Celebrities have a responsibility towards society, as many people follow them. Their endorsement of restricted products can mislead people. Let me explain this with an example of surrogate advertising. It is a form of advertising which indirectly promotes banned products, in the disguise of another product. All kinds of advertising of tobacco products (direct and indirect) are prohibited under section 5 of the Cigarettes and Other Tobacco Products Act. Gutka contains tobacco, but most brands of pan masala do not. Advertising for pan masala is surrogate for gutka. The former James Bond actor Pierce Brosnan’s appearance in the advertisement of Pan Bahar had shocked many Indians who questioned his endorsement of a product associated with cancer. According to the actor, he had agreed to advertise breath freshener and not a product containing tobacco. The actor later demanded the company to remove his image from all their products.
Celebrity should not overshadow a brand
For the lesser-known brands, getting a well-known face to endorse them could be a quick status elevation. However, if an advertisement storyline focuses on a celebrity more than a brand and its message, then celebrity often ends up overshadowing the brand. As celebrities endorse multiple brands, small brands’ messages may get lost in the glamour of big celebrities. Hence, marketers should focus on keeping a proper balance between celebrity and brand through creativity and storytelling. Here, I would like to share a quote from Piyush Pandey, “When you work with a celebrity, the viewer must find the celebrity, the script, the idea memorable, not just the celebrity.”
Celebrity should be able to show a brand in positive light
Sometimes brands need to rebuild their image. In such scenarios, celebrities could play an important role. For example, in 2003, some customers complained about finding worms in Cadbury Dairy Milk chocolates. The news spread gave a blow to the image of the brand Cadbury. As a quick response, Cadbury improved the packaging of Dairy Milk. Along with improving the packaging, it was important for the brand to communicate the improvement to people. So, the brand roped in Amitabh Bachchan as its brand ambassador. He has an appeal across cities, segments and age groups. He represents traits like trustworthiness, hard work, commitment, and fairness. His endorsement helped the brand in regaining the trust of people.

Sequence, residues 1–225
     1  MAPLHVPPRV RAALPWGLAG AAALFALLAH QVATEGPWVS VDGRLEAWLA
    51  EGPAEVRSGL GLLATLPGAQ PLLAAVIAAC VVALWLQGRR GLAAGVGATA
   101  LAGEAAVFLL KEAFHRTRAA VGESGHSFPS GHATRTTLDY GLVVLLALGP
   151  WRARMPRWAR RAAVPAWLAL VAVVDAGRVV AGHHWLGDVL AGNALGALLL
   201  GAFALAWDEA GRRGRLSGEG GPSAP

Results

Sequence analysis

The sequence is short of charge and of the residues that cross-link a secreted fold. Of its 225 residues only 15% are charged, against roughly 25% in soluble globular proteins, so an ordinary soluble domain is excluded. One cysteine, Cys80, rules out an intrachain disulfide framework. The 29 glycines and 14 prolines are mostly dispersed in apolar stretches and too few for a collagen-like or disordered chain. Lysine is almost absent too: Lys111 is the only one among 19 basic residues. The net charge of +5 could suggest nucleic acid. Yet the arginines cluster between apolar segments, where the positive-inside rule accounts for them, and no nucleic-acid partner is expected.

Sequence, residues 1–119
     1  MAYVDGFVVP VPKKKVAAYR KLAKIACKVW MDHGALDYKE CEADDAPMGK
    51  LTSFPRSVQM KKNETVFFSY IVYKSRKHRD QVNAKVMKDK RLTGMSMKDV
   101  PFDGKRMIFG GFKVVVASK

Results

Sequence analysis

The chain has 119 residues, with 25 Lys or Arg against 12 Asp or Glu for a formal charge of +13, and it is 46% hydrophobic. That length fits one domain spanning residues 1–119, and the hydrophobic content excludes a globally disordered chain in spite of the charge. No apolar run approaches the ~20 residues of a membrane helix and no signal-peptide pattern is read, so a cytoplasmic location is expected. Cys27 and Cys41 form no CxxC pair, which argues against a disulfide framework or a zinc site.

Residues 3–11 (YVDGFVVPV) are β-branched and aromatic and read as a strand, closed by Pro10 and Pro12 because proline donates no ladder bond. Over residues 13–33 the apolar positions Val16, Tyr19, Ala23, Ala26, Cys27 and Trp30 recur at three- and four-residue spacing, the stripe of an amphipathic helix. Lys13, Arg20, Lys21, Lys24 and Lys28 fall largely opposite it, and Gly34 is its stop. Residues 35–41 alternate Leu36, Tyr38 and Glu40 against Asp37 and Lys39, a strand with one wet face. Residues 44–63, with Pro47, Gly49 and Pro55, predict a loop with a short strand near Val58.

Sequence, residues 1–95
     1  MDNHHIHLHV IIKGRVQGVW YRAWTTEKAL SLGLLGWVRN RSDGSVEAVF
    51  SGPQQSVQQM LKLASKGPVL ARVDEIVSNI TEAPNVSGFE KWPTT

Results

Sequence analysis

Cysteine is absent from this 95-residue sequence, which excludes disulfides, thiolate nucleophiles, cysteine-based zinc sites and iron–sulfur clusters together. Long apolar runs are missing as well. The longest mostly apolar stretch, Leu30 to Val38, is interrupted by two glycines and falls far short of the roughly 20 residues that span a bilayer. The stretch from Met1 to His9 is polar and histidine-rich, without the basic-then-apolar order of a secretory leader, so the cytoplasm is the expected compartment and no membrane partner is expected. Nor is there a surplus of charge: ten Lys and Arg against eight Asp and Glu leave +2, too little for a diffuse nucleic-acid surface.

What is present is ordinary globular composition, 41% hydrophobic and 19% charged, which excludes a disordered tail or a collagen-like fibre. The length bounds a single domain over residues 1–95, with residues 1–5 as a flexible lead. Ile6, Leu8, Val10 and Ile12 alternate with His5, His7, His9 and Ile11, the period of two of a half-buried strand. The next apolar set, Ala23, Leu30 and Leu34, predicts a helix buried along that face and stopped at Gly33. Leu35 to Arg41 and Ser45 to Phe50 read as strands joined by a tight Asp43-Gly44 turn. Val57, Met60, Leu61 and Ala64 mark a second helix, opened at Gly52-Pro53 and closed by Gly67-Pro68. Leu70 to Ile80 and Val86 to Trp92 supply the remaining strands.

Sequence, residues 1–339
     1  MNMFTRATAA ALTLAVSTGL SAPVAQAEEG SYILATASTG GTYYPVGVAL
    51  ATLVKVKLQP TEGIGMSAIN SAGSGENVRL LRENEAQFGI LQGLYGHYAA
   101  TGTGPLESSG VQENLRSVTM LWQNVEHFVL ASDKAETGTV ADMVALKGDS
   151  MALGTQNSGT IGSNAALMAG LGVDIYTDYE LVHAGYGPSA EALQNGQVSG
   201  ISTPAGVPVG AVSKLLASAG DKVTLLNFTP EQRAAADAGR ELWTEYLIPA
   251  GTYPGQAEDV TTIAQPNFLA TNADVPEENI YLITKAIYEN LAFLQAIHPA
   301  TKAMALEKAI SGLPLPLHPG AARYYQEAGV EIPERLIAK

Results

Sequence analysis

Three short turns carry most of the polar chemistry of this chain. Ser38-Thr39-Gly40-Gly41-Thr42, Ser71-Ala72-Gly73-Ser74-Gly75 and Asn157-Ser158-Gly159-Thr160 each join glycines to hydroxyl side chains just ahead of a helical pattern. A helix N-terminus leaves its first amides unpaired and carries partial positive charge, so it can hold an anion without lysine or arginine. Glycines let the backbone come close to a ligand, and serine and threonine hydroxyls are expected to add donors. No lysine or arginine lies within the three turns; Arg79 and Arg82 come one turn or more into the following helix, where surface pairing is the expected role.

Celebrities should not be associated with competition
A category would have multiple competing brands with a similar target audience. If competing brands use the same celebrity, then they may contribute to category recall rather than brand recall. Also, the audience may get confused about the celebrity association and brand personality, and might consider the brand unreal and superficial. David Ogilvy said, “There isn’t any significant difference between the various brands of whiskey or cigarettes or beer. They are all about the same. And so are the cake mixes and the detergents and the margarines . . . The manufacturer who dedicates his advertising to building the most sharply defined personality for his brand will get the largest share of the market at the highest profit.”
While having a celebrity as an endorser has upside, the downside risk is substantial too. Once people start associating a brand with a celebrity, negative news about the celebrity may also impact the endorsed brand negatively. Because of his athletic success and clean public image, until 2009, Tiger Woods was widely acknowledged to have the most valuable brand of any athlete in the world. But then a scandal involving his extramarital affairs emerged. According to a study by researchers at the University of California, Davis, in the wake of the scandal, shareholders of Nike, Gatorade, and other Tiger Woods sponsors lost a collective $5 to $12 billion.
The writer is author of the book ‘Booming Brands’. (Views expressed are personal and don’t necessarily represent any company’s opinions)